• Behaviors > Digital Activities > Small business owners
  • Demographics > Work > Job Titles > CEO, Founder, Owner, Chairman, Director etc.

This ad was compelling because it was focused specifically on both a niche target group, and the pain points we had already discovered from the survey. The figures were pretty good in contrast to our previous experiment.

But we decided not to stop here. Let’s move on.

Ad Performance:

  • Cost per Click – $1.10
  • Click through Rate – 2.2%

In this case, we targeted Asana users. The ad copy was based on pains they revealed in the survey.

By and large, a “normal” CTR in Newsfeed varies between 0.5% and 2% depending on the industry. For instance, e-commerce sees a much higher CTR (1.5-2%) than games/mobile apps (approximately 1%). The majority of marketers believe that a good CTR for Facebook campaigns would be around 2%, while the average CTR for B2B ads is 0.78%. Furthermore, the average CPC for B2B is $2.52.

As you can see, using a Google Form survey had a huge impact on our B2B ads’ CTR and CPC.


Using a Google Form survey resulted in several gains: we got in-depth market knowledge we couldn’t have gotten any other way, we increased our CTR and cut our CPC, and we figured out a lot of things about scaling Facebook ads.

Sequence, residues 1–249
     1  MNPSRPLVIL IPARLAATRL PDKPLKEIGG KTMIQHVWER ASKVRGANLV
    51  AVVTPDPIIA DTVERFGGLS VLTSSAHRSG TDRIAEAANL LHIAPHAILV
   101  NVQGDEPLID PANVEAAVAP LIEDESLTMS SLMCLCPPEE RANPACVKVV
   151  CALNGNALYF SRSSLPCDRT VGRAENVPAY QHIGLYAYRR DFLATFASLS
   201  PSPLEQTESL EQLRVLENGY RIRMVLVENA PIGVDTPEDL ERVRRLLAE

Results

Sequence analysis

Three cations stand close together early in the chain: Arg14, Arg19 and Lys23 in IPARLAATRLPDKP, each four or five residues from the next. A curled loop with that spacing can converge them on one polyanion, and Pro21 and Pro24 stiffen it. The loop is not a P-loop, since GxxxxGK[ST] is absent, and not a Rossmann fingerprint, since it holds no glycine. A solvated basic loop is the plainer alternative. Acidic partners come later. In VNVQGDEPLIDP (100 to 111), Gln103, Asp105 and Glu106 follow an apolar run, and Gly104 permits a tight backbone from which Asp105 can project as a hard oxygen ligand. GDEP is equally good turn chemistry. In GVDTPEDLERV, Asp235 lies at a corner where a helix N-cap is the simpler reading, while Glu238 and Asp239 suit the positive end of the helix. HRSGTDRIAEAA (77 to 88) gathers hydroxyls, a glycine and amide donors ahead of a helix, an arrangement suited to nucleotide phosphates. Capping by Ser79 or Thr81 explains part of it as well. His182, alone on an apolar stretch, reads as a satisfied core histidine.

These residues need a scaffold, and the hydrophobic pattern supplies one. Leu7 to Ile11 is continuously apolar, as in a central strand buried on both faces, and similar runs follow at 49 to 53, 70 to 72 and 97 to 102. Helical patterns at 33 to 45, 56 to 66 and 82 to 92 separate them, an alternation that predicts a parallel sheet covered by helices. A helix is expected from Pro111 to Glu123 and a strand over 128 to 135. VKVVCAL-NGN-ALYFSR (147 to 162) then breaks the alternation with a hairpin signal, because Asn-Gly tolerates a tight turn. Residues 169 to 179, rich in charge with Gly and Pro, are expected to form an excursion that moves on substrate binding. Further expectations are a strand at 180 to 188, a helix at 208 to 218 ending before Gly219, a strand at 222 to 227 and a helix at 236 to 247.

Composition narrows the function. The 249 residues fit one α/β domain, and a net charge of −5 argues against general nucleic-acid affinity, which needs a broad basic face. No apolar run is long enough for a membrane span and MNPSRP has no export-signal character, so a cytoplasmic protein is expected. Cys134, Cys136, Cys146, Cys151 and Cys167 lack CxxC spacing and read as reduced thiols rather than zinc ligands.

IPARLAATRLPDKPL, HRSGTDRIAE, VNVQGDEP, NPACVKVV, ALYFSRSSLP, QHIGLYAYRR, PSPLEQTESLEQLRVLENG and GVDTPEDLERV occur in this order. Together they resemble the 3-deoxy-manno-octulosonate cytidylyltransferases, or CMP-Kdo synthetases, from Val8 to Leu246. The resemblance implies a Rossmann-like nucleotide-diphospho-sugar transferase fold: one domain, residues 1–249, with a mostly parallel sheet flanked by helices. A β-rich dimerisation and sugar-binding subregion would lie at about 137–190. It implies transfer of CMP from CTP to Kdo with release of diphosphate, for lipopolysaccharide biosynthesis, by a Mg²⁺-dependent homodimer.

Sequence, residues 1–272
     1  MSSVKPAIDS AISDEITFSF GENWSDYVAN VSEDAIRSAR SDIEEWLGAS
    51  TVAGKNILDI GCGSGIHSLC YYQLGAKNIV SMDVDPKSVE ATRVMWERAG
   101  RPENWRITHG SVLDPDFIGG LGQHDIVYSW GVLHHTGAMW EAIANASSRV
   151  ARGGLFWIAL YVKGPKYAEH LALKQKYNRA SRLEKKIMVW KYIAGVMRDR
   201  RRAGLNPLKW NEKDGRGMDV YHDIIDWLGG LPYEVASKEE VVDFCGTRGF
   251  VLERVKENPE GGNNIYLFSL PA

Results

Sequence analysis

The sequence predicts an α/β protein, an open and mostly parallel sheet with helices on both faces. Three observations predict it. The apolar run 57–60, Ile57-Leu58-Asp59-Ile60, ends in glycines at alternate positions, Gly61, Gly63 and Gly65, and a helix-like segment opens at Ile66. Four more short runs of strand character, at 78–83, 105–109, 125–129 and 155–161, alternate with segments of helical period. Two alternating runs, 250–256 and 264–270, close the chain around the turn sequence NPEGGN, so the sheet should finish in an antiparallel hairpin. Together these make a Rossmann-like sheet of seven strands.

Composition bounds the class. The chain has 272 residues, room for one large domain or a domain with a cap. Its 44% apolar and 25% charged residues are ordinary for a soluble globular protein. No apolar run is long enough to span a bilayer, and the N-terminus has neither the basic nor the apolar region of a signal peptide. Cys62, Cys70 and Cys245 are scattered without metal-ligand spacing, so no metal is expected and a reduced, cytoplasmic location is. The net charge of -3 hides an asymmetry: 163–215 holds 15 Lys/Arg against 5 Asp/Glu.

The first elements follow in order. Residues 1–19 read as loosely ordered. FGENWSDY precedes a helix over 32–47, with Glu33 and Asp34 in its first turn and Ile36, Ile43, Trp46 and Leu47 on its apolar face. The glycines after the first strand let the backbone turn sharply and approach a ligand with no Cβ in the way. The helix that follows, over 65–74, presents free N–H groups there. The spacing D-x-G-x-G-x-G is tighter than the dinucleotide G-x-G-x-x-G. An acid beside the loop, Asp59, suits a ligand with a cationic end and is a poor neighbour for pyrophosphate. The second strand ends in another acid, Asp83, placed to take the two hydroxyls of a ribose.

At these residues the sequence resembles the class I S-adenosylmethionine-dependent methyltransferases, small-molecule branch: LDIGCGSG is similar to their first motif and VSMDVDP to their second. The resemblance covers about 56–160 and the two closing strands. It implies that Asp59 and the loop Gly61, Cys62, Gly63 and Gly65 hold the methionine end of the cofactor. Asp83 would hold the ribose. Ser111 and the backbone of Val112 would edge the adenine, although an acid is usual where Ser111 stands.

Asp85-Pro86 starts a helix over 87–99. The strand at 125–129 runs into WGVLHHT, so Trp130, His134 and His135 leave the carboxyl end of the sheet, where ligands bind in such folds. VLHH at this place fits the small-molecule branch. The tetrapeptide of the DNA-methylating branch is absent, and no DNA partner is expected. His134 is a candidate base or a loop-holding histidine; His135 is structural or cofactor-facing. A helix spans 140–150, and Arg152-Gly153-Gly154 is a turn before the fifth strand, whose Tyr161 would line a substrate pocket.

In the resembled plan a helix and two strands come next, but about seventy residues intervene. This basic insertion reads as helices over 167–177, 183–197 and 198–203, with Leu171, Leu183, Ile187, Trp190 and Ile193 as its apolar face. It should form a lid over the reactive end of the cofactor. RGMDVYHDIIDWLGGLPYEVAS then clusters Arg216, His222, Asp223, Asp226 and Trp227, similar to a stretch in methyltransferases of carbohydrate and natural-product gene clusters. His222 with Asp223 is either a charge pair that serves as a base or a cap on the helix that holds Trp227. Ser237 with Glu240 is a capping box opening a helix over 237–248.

You should remember that CTR isn’t a success metric. It’s just a way to compare two ads and find out which experiments deserve to be scaled. Frankly speaking, click through rate still doesn’t tell you much of anything about your ROI. But that’s a different story for a different article. Even though ROI is a vital metric, it often takes time before you have enough data. First, you need to improve ad position and CTR.

If you are interested in measuring ROI from Facebook, watch this space — I am polishing up my next article about this essential B2B topic.

About the Author: Julia Samoilenko is a Marketing Manager at Chanty — a simple AI-powered business messenger and a single notification center. This powerful and free Slack alternative aims to increase team productivity and improve communication at work. With 5 years’ experience in the digital marketing field, Julia is responsible for Chanty’s online social media presence and public relations. Follow Julia on Twitter @juliasam111 or feel free to connect on LinkedIn.